Building for the future: Nunavut Heritage Society looks back for answers

New project to focus on Inuit architectural wisdom


The Kitikmeot Heritage Society's Pamela Gross unrolls a willow mat stored in the May Hakongak library and cultural centre's archives. (PHOTO BY JANE GEORGE)

The Kitikmeot Heritage Society’s Pamela Gross unrolls a willow mat stored in the May Hakongak library and cultural centre’s archives. (PHOTO BY JANE GEORGE)

CAMBRIDGE BAY — Sleeping on top of a willow mat, covered by a caribou skin: there may be nothing else that’s more comfortable and dry, suggests the Kitikmeot Heritage Society’s program director, Pamela Gross.

That’s what Inuinnait in what is now western Nunavut’s Kitikmeot region once used to keep the damp and cold away — and several willow mats, old and more recently-made, are among the society’s archived items.

While gathering willows might not place high among activities now practiced here, preserving the knowledge of these age-old household construction techniques is.

That’s why the Kitikmeot Heritage Society has partnered with architect and researcher Nancy Mackin on a new architectural project that is “environmentally and culturally appropriate” and will help sustain Arctic communities in the future.

The project, called Inuit Architectural Wisdom for Sustainable Arctic Communities, will involve people in Uluhaktok, Kugluktuk and Cambridge Bay, and will help document traditional Inuit structures and materials and reconsider how these can be used now in Arctic housing — although so far, only the first phase of funding is in place.

This past August, elders and youth met with Mackin to talk about what’s involved in the design and making of a tupiq — and then build a traditional tent.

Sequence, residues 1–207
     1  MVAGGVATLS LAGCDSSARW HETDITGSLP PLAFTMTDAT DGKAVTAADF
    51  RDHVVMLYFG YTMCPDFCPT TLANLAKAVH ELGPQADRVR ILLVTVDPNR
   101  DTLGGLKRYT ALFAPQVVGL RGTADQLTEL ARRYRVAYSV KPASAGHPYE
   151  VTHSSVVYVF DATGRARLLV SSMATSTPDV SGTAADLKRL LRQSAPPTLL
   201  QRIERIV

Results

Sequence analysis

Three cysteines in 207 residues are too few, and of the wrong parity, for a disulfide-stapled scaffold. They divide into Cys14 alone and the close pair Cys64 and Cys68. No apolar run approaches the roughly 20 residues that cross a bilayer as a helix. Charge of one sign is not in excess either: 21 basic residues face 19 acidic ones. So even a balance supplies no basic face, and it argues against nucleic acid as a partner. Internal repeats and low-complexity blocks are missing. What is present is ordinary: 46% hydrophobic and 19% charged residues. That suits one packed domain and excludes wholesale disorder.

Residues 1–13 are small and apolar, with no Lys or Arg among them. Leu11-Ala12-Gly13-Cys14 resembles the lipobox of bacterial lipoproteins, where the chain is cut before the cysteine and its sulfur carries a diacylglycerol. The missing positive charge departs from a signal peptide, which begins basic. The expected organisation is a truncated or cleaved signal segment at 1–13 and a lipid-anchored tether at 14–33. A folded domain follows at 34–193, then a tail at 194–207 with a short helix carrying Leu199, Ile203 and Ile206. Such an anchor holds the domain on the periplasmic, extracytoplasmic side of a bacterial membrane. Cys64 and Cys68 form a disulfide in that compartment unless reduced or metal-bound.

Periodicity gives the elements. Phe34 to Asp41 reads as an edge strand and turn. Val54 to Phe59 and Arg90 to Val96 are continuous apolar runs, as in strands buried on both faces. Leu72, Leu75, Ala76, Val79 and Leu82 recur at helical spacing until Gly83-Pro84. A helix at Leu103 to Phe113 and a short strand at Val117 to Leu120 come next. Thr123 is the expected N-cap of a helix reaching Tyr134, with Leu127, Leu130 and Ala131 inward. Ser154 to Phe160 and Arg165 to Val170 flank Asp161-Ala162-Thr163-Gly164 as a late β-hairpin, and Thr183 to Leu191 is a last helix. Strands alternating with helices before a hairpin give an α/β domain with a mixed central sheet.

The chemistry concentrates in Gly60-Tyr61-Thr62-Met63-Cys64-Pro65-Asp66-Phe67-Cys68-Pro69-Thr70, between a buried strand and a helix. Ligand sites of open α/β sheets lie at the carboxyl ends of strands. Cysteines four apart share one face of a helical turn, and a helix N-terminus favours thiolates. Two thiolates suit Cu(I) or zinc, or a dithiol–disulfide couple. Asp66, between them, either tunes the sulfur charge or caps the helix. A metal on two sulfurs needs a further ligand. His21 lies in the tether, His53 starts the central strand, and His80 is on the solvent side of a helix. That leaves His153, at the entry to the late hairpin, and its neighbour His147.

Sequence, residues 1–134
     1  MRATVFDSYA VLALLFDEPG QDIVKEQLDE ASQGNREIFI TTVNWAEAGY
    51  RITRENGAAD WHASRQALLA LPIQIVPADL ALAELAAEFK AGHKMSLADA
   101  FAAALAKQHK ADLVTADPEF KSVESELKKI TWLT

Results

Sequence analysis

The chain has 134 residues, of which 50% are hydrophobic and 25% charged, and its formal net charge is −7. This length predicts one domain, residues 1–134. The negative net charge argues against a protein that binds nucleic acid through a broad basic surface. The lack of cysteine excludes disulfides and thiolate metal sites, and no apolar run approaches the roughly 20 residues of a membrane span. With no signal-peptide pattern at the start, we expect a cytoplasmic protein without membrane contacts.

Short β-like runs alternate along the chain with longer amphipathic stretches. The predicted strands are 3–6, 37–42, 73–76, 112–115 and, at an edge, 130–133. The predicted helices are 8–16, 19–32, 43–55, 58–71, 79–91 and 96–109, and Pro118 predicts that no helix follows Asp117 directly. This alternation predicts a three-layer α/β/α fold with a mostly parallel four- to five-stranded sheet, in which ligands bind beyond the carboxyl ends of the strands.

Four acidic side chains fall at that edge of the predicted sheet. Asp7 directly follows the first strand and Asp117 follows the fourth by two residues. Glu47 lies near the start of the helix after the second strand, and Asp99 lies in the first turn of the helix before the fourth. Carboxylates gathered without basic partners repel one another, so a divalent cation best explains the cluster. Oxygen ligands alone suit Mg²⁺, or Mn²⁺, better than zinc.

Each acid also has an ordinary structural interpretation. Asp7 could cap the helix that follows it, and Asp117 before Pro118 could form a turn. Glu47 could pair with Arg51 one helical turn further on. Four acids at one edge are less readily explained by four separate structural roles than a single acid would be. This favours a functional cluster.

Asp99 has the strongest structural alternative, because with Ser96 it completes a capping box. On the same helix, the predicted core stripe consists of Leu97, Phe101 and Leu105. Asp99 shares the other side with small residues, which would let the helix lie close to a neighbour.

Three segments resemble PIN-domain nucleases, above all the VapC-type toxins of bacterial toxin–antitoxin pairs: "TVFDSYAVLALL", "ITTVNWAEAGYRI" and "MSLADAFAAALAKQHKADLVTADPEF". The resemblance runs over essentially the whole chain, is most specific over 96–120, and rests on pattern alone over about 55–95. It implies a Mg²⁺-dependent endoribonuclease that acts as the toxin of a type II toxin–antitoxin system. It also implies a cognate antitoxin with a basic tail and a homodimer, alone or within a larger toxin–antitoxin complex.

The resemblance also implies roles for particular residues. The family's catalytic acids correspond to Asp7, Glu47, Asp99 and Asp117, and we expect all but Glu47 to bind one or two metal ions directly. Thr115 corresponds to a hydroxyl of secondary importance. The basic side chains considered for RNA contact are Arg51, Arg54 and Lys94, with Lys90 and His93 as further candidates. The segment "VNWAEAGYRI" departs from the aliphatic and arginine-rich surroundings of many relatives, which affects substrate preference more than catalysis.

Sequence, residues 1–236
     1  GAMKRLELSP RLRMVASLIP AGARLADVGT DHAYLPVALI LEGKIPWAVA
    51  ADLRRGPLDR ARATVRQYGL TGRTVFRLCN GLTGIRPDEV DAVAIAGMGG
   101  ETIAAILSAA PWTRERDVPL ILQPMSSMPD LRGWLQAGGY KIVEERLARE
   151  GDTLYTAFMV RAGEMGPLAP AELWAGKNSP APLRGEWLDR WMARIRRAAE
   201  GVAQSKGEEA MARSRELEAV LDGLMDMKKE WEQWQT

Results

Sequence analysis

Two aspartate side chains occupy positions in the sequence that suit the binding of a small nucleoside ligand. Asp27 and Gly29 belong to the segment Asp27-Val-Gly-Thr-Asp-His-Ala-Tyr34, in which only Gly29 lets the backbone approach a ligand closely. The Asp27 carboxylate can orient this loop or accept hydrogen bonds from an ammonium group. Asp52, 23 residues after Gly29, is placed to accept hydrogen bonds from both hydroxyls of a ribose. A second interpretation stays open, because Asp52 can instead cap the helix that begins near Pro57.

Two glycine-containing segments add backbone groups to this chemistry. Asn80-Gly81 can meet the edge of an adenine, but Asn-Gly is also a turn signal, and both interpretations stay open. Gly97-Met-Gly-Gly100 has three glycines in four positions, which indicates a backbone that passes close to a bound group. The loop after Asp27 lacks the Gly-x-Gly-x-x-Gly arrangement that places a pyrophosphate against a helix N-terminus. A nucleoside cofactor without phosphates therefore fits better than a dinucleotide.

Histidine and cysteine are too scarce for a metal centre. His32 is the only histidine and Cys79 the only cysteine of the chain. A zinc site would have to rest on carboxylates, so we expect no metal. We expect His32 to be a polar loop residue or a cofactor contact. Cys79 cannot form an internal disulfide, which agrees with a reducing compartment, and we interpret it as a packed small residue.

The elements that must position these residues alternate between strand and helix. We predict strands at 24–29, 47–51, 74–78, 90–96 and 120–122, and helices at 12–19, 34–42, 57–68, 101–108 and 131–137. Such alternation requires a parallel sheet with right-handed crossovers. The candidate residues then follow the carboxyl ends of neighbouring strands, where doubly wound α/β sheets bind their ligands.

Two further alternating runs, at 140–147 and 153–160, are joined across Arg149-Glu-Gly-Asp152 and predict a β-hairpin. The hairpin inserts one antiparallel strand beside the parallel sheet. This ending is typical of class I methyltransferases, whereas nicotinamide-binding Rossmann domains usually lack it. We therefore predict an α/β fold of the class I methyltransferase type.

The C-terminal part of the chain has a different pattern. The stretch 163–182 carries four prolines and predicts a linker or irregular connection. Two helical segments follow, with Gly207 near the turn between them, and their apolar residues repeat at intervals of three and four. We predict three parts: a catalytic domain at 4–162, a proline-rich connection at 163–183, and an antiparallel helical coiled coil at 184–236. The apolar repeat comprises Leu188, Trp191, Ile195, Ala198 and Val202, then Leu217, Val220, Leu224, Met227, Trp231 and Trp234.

“Although it used two-by-fours instead of willows and canvas in its main construction,” Gross said.

During the workshop, participants worked on developing their architectural and drawing skills, and they discussed the tent’s structure and purpose.

Mackin plans to travel again to Cambridge Bay in the next several months to oversee the building of a qarmaq (qamaaq) structure with a snow block or sod base.

And project organizers also plans to visit Kugluktuk in early 2016 to build a qalgiq (qaggiq), a snow house for communal living and drum dances.

Similar discussions and building projects will take place in Uluhaktok.

The second part of the survey will include modern architectural needs in the same three Arctic communities.

And working groups will then combine gathered knowledge on traditional structures, modern housing needs, and architectural model building to come up with new possibilities for Arctic architecture.

This final stage of project will lead to a book on history of Central Arctic housing with the models, drawings and interviews, called “Inuinnait Architecture: Past, Present and Future.”

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